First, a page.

Cookies on this website

We use cookies to ensure that we give you the best experience on our website. If you click 'Accept all cookies' we'll assume that you are happy to receive all cookies and you won't see this message again. If you click 'Reject all non-essential cookies' only necessary cookies providing core functionality such as security, network management, and accessibility will be enabled. Click 'Find out more' for information on how to change your cookie settings.

The nucleotide-binding domain, leucine-rich repeat containing family caspase recruitment domain containing 4 (NLRC4) inflammasome can be activated by pathogenic bacteria via products translocated through the microbial type III secretion apparatus (T3SS). Recent work has shown that activation of the NLRP3 inflammasome is downregulated by autophagy, but the influence of autophagy on NLRC4 activation is unclear. We set out to determine how autophagy might influence this process, using the bacterium Pseudomonas aeruginosa, which activates the NLRC4 inflammasome via its T3SS. Infection resulted in T3SS-dependent mitochondrial damage with increased production of reactive oxygen intermediates and release of mitochondrial DNA. Inhibiting mitochondrial reactive oxygen release or degrading intracellular mitochondrial DNA abrogated NLRC4 inflammasome activation. Moreover, macrophages lacking mitochondria failed to activate NLRC4 following infection. Removal of damaged mitochondria by autophagy significantly attenuated NLRC4 inflammasome activation. Mitochondrial DNA bound specifically to NLRC4 immunoprecipitates and transfection of mitochondrial DNA directly activated the NLRC4 inflammasome; oxidation of the DNA enhanced this effect. Manipulation of autophagy altered the degree of inflammasome activation and inflammation in an in vivo model of P. aeruginosa infection. Our results reveal a novel mechanism contributing to NLRC4 activation by P. aeruginosa via mitochondrial damage and release of mitochondrial DNA triggered by the bacterial T3SS that is downregulated by autophagy.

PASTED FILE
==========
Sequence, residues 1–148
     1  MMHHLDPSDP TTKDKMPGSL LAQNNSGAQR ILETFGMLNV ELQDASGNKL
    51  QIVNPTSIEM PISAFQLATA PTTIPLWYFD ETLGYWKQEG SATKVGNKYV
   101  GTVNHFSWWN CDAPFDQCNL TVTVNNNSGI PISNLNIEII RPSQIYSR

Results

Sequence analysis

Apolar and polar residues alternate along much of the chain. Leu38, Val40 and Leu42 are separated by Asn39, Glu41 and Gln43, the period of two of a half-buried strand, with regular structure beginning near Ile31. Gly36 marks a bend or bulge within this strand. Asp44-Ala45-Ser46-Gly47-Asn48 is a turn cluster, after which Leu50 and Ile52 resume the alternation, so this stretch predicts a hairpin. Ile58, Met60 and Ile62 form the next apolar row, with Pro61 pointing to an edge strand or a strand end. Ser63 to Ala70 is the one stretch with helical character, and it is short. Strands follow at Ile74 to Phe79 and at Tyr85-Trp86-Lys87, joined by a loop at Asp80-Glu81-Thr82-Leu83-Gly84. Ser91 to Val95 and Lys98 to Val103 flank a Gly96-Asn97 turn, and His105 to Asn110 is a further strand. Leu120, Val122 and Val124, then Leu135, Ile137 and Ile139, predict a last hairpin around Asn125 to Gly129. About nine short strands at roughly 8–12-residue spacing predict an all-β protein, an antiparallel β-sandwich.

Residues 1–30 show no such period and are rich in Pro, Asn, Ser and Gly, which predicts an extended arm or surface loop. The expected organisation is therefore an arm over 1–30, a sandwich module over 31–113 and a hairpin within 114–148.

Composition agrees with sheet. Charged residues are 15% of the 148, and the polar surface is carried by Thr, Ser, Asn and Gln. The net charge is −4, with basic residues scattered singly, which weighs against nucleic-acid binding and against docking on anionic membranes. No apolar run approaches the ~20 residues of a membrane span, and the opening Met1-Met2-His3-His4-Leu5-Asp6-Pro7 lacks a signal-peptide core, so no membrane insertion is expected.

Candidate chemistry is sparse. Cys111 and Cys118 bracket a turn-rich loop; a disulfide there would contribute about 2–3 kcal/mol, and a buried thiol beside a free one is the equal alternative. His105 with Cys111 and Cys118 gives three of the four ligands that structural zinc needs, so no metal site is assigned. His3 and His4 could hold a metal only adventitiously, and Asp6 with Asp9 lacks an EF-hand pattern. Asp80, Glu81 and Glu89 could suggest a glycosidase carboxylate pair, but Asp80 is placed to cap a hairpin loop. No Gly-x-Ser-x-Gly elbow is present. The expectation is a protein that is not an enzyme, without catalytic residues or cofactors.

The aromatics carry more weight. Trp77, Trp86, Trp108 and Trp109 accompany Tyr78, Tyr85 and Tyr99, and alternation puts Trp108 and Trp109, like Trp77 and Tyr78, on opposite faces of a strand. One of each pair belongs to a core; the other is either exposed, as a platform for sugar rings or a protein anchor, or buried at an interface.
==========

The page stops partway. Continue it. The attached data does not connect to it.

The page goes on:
Original publication




Journal article



Publication Date





166 - 182


AIM2, absent in melanoma 2, ATG, autophagy related, ATPIF1, ATPase inhibitory factor 1, BID, BH3 interacting domain death agonist, BMDM, bone marrow-derived macrophages, BrdU, 5-bromo-2-deoxyuridine, CASP, caspase, DNA detection, GFP, green fluorescent protein, IL1B, interleukin 1, β, LC3B, microtubule-associated protein 1 light chain 3 β, LDH, lactate dehydrogenase, LPS, lipopolysaccharide, MT-CO1, mitochondrially encoded cytochrome c oxidase I, Mito-TEMPO, (2-(2, 2, 6, 6-tetramethylpiperidin-1-oxyl-4-ylamino)-2-oxoethyl)triphenylphosphonium chloride, NAC, N-acetylcysteine, NAIP, NLR family apoptosis inhibitor, NGS, normal goat serum, NLR proteins, NLR, nucleotide-binding domain, leucine-rich repeat containing, NLRC4, NLR family, CARD domain containing 4, NLRP3, NLR family, pyrin domain containing 3, PBS, phosphate-buffered saline, PINK1, PTEN induced putative kinase 1, Rn18s, 18S rRNA, T3SS, type III secretion system, TNF, tumor necrosis factor, TUBB5, tubulin, β 5 class I, Three-MA, 3-methyladenine, Vav, vav 1 oncogene, infection, mitophagy, mtDNA, mitochondrial DNA, type III secretion system, Animals, Apoptosis Regulatory Proteins, Autophagy, Bone Marrow Cells, Calcium-Binding Proteins, DNA, Mitochondrial, DNA-Binding Proteins, Down-Regulation, Female, HEK293 Cells, Humans, Inflammasomes, Macrophages, Mice, Inbred C57BL, Mitochondria, Mitochondrial Degradation, Protein Binding, Pseudomonas Infections, Pseudomonas aeruginosa, Reactive Oxygen Species